I don't document such items but I do think they are really neat and a have couple myself. It's especially interesting to see the prices that things went for.
 

mikeh

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Is there anybody that documents these things? Does anybody actually care? I have these and just want to make sure I don't keep them from the world when they can be useful.
Hi David,


Thanks for the post! I don't think I'm alone in saying that I find the info very interesting and useful, but I don't know of a repository for this sort of thing... other than here of course.

In this particular case, if the receipt is accurate on the No 40, it would change the assumed production quantity on a relatively low production grade. I happen to keep any eye out for these, but I have never recorded anything from this run in either grade... but I certainly can't spot them all!

Add:
I checked pocketwatchdatabase and there are a few examples from this particular run. Most look like ATCo/No 35, but they include a CPR and a private label, so perhaps this run was a bit like the 'Asst. Special' runs (although not documented as such).
 
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easj369

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I don't document such items but I do think they are really neat and a have couple myself. It's especially interesting to see the prices that things went for.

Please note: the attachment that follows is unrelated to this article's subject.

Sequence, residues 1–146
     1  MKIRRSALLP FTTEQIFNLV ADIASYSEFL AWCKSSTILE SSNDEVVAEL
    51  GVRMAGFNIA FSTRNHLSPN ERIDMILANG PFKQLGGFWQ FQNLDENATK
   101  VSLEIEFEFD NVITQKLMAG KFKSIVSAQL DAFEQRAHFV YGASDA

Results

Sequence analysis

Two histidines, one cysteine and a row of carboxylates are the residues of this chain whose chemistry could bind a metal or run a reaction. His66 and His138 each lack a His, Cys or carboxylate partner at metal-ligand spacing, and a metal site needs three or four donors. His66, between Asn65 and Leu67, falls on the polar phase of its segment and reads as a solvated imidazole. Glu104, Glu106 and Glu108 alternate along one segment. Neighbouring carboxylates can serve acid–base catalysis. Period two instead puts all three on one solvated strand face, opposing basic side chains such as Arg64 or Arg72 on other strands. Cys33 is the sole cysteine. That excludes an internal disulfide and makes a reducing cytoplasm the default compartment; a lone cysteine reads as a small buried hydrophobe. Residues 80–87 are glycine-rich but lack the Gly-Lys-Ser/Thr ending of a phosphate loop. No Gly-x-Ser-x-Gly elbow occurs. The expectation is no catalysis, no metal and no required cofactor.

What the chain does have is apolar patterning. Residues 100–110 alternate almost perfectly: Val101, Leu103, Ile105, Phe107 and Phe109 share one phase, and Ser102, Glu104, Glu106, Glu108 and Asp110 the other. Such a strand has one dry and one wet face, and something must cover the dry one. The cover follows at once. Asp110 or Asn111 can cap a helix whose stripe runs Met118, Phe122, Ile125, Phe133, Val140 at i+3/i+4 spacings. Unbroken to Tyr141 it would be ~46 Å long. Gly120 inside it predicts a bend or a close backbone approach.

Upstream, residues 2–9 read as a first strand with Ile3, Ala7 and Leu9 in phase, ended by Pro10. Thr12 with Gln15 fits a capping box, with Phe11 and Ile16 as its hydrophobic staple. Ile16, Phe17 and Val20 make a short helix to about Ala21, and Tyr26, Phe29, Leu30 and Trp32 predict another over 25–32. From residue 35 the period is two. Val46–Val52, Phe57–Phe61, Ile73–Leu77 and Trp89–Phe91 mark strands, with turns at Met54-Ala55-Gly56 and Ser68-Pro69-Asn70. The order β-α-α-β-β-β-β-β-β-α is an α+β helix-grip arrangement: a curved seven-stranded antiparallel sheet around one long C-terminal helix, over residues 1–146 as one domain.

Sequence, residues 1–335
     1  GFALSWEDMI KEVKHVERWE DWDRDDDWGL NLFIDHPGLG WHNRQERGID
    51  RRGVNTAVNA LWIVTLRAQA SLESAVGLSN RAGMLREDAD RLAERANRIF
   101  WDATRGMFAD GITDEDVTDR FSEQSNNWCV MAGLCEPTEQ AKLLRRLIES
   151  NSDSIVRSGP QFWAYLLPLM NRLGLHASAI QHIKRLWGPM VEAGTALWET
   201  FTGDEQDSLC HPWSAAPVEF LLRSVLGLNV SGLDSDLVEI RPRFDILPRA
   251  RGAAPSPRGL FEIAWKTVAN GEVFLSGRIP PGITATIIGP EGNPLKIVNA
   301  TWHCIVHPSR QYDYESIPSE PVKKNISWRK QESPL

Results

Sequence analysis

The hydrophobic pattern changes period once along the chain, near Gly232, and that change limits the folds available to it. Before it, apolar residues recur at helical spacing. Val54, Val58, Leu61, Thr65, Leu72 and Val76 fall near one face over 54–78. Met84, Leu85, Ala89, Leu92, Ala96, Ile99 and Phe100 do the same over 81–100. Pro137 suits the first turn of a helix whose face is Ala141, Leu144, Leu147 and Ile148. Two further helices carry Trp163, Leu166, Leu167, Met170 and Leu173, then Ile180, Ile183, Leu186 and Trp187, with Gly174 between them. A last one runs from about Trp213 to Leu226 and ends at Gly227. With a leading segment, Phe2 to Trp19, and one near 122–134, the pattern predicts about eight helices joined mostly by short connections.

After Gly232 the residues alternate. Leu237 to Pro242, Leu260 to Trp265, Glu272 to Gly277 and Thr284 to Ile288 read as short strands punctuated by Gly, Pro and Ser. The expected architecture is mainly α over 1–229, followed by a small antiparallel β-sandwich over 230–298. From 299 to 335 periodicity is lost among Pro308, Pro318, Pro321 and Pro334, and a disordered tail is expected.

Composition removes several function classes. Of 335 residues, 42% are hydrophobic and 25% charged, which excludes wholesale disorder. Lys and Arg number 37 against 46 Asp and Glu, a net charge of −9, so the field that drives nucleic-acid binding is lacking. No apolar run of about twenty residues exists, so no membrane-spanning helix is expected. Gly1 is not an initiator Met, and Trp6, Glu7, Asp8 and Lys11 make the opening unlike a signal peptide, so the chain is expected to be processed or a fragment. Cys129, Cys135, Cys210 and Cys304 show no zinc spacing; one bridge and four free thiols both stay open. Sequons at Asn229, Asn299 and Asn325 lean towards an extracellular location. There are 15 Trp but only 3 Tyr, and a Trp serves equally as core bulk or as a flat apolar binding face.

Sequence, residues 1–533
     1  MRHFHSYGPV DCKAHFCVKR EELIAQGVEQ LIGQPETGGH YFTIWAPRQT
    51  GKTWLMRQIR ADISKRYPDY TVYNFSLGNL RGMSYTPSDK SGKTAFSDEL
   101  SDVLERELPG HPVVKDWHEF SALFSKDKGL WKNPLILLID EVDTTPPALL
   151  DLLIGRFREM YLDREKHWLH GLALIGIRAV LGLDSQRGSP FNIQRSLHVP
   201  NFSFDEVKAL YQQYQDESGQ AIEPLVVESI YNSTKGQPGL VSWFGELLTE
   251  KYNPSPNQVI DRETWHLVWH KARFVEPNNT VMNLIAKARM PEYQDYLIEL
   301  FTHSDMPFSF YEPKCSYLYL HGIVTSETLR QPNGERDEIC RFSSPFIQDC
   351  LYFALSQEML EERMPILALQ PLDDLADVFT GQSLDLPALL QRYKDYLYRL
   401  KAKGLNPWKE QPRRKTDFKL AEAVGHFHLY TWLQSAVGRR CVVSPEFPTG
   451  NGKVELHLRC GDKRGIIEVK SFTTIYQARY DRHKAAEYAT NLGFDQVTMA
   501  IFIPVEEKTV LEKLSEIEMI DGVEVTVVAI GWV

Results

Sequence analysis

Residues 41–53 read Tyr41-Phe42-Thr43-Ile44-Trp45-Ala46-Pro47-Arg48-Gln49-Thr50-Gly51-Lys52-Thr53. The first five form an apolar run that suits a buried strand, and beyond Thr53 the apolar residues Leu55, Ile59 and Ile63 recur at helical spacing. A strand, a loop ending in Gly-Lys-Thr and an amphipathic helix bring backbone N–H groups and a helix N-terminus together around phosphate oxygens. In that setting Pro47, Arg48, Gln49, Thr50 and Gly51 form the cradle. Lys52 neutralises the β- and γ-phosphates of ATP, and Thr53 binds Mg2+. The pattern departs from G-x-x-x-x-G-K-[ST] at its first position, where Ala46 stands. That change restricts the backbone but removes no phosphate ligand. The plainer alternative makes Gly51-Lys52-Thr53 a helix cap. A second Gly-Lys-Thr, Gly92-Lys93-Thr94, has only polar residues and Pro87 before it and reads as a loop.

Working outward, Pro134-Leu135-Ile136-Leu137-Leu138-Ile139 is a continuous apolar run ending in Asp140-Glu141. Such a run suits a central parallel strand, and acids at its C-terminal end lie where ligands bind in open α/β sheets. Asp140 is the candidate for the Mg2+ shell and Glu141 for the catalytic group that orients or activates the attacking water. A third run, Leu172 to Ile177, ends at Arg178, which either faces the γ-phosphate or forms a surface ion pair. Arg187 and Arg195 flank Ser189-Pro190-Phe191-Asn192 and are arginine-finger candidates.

I agree, like the dozen mainsprings for a dollar and alarm clocks for 85 cents.
 

easj369

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Another interesting thing was how many watches the person had engraved when he bought them. There's also receipts for crystals and such. Also several business cards with notes written on the back of various prices of things. Would it be OK to post more photos of the entire receipts, Including names and such?
 
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musicguy

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musicguy

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Post them as thumbnail photos :)


Rob
 

Chris Radek

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These are wonderful! The "return charges" or in some cases it says "express collect" is maybe the fee for the COD? It's 15¢ usually, but sometimes 25¢ (for higher values maybe).

That's sure a better deal than paypal fees. Sometimes I marvel at the thought of doing all my business by mail instead of email. It would work about the same but be slower I guess. I used to order from my main parts house by handwritten fax (which was nice, I could easily include a little sketch, a drawing with an important dimension shown, etc.) but I never really did it by mail alone. Quite a few customers do still mail me checks though, which is nice too, as I get to keep all those extra percents.